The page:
Chicago's Homan Square Under Fire
Chicago (CNN)Allegations of a secret detention and interrogation site run by Chicago police and abuses that may have taken place there will be aired at a county commission hearing Tuesday
The hearing, chaired by Cook County Commissioner Richard R. Boykin, comes amid heightened criticism of the Windy City's police department. Chicago is located in Cook County.
According to an investigation by The Guardian newspaper, the Chicago Police Department runs a secretive detention site at Homan Square, a sprawling compound that includes various police operations.
At Homan Square, the newspaper alleges, people have been abused, kept off the books and denied access to attorneys -- essentially held in the dark.
The hearing is expected to include testimony from experts, advocates and people who were detained at Homan Square.
Representatives of the Chicago Police Department were invited to testify, a statement by Boykin said, but it was not immediately clear whether they would attend.
When contacted by CNN for comment on Homan Square and the hearing, a police spokesman sent a statement that addresses a number of the allegations about Homan Square, stating -- in bold letters -- that the former Sears warehouse is not a secret facility.
It's home to the department's evidence and recovered property section, and parts of the facility are sensitive.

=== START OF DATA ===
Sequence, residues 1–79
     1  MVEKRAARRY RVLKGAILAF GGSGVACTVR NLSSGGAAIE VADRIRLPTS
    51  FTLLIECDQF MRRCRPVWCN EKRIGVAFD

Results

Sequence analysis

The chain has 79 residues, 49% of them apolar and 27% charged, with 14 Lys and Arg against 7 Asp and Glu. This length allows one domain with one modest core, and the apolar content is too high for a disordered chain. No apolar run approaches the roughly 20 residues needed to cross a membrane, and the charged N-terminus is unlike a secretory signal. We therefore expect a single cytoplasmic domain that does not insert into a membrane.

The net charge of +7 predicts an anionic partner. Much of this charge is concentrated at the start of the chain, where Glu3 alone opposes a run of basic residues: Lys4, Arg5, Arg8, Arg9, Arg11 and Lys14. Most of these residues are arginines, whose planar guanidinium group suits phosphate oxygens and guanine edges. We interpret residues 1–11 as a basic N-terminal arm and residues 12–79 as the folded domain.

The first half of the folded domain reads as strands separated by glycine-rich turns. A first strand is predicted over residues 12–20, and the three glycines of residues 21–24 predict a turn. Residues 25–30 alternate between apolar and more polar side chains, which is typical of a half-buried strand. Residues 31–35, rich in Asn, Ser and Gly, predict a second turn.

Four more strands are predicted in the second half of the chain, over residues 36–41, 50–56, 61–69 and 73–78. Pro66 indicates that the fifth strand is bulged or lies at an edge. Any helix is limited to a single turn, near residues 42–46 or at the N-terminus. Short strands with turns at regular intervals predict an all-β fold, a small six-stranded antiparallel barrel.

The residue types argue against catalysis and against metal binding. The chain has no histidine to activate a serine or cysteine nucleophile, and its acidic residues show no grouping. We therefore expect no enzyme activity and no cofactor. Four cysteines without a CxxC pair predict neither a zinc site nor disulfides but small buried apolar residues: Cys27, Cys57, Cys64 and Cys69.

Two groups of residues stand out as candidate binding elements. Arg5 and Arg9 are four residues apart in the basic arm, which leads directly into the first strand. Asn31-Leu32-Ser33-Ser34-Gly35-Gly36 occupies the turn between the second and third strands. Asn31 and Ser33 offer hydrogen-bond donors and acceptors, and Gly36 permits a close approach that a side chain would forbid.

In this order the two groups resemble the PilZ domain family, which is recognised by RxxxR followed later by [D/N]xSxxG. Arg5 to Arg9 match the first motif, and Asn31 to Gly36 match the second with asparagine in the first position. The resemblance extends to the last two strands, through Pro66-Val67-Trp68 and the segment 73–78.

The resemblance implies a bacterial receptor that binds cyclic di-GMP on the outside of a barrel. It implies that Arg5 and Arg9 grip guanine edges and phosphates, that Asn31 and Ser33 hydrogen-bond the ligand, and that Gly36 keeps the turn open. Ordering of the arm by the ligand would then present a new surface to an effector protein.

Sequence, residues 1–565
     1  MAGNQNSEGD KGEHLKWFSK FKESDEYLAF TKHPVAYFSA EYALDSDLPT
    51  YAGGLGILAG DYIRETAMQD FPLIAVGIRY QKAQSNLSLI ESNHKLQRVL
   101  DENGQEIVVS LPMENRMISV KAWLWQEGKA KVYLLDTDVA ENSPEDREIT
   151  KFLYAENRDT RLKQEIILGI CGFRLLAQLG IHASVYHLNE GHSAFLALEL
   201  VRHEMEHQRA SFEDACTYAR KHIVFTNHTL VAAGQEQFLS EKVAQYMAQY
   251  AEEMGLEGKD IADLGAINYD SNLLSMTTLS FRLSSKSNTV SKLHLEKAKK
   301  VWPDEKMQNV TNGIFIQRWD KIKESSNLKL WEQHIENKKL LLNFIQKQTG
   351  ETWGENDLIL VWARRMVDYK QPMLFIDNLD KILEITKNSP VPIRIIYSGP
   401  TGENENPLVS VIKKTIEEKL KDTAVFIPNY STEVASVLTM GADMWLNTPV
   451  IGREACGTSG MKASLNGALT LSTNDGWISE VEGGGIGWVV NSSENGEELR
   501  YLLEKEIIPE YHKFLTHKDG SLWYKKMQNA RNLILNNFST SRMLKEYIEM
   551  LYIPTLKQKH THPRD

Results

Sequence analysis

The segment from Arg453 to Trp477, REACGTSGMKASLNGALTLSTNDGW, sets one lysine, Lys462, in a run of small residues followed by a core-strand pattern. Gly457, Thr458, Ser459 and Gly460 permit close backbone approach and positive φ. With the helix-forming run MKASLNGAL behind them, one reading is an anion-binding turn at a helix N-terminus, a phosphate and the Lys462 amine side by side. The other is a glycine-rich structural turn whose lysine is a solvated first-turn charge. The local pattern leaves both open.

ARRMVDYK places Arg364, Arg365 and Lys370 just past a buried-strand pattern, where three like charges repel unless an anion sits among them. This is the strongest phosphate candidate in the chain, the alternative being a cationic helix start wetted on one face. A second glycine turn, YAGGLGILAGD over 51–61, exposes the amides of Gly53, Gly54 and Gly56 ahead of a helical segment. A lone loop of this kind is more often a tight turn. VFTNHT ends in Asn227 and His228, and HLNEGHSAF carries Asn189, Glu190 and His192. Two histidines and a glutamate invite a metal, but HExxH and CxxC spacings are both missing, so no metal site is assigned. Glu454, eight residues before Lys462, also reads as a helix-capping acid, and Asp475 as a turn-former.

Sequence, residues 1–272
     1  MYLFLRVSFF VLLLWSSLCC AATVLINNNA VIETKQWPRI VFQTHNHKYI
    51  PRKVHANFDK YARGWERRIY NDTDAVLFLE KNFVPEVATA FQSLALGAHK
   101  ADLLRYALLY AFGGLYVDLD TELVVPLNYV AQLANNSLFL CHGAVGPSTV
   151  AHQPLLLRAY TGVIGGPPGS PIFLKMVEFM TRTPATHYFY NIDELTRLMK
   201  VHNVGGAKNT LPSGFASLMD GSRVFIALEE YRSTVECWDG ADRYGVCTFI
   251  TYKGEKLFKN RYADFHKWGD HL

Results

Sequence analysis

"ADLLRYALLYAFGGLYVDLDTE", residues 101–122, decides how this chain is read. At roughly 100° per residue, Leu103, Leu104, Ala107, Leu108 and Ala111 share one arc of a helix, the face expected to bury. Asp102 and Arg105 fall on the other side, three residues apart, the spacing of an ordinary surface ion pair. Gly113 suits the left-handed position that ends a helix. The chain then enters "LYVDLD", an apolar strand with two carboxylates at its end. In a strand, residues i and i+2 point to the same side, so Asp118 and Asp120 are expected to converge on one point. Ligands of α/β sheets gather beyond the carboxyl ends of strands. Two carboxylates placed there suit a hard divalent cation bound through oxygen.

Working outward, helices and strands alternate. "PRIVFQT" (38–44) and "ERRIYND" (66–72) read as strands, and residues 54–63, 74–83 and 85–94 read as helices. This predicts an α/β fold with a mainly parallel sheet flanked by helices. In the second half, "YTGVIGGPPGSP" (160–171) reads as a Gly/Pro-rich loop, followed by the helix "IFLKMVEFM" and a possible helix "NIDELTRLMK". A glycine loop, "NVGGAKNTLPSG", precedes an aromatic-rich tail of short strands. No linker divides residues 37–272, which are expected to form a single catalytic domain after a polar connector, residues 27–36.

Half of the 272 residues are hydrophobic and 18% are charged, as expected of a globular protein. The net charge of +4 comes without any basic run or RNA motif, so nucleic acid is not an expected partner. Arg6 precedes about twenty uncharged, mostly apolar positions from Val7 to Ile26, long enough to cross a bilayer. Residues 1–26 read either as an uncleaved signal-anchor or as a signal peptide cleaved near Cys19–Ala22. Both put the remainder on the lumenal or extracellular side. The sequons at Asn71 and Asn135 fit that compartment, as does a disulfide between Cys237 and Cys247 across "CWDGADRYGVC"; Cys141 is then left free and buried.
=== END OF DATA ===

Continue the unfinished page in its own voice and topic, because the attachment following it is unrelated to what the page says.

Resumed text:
"Most individuals interviewed at Homan Square are lower-level arrests from the Narcotics unit. There are always records of anyone who is arrested by CPD, and this is no different at Homan Square," police said. "The allegation that physical violence is a part of interviews with suspects is unequivocally false, it is offensive, and it is not supported by any facts whatsoever."
Boykin acknowledged repeated police denials, while questioning whether firsthand police accounts of their own activities can be trusted.The U.S. Justice Department recently said it would investigate whether Chicago police have made a habit of violating the law or the U.S. Constitution.
The pattern-and-practice probe will focus on use of force, deadly force, accountability and how the Chicago Police Department tracks and handles those cases.
"The Justice Department's investigation must take into account those systemic issues in the Chicago Police Department that go back decades," Boykin said Monday. "Homan Square is one of those systemic issues. Investigative reporting by The Guardian newspaper indicates that within the past decade thousands of individuals have been detained there without access to counsel, and that detainees have suffered harsh treatment without due process of law."He cited the death of 17-year-old Laquan McDonald, who was shot and killed by Chicago officer Jason Van Dyke in 2014.
The city resisted releasing dashcam video showing the shooting until late last month, then did so the same day Van Dyke was charged with murder. The graphic footage and officials' treatment of the case sparked protests.
"I view this hearing as a critical step -- an important rung on the ladder to accountability," Boykin said.
He added: "It is my hope and my expectation that the testimony we take (Tuesday) afternoon will be of use to County government -- but also, just as importantly, to the Department of Justice, as they embark on their 'patterns and practices' investigation of the Chicago Police Department. Any federal investigation that excludes Homan Square will be woefully incomplete."